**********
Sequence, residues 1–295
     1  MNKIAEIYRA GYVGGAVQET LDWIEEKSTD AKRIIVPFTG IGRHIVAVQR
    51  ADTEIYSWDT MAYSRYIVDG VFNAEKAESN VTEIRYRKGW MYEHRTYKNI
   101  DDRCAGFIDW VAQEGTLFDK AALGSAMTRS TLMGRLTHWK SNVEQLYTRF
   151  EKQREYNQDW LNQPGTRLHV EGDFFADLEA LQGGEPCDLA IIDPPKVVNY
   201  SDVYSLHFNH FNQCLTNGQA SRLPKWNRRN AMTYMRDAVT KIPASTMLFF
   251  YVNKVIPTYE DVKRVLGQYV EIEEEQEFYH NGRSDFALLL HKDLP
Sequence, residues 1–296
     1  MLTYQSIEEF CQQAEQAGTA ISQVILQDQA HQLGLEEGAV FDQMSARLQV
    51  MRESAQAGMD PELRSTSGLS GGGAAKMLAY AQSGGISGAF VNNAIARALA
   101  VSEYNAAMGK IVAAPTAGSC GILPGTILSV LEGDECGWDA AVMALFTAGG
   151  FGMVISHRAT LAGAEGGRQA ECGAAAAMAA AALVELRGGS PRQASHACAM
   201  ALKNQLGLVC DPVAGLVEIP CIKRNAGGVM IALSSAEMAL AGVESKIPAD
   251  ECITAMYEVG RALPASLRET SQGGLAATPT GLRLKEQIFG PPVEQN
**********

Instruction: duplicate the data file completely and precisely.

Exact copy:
Sequence, residues 1–295
     1  MNKIAEIYRA GYVGGAVQET LDWIEEKSTD AKRIIVPFTG IGRHIVAVQR
    51  ADTEIYSWDT MAYSRYIVDG VFNAEKAESN VTEIRYRKGW MYEHRTYKNI
   101  DDRCAGFIDW VAQEGTLFDK AALGSAMTRS TLMGRLTHWK SNVEQLYTRF
   151  EKQREYNQDW LNQPGTRLHV EGDFFADLEA LQGGEPCDLA IIDPPKVVNY
   201  SDVYSLHFNH FNQCLTNGQA SRLPKWNRRN AMTYMRDAVT KIPASTMLFF
   251  YVNKVIPTYE DVKRVLGQYV EIEEEQEFYH NGRSDFALLL HKDLP
Sequence, residues 1–296
     1  MLTYQSIEEF CQQAEQAGTA ISQVILQDQA HQLGLEEGAV FDQMSARLQV
    51  MRESAQAGMD PELRSTSGLS GGGAAKMLAY AQSGGISGAF VNNAIARALA
   101  VSEYNAAMGK IVAAPTAGSC GILPGTILSV LEGDECGWDA AVMALFTAGG
   151  FGMVISHRAT LAGAEGGRQA ECGAAAAMAA AALVELRGGS PRQASHACAM
   201  ALKNQLGLVC DPVAGLVEIP CIKRNAGGVM IALSSAEMAL AGVESKIPAD
   251  ECITAMYEVG RALPASLRET SQGGLAATPT GLRLKEQIFG PPVEQN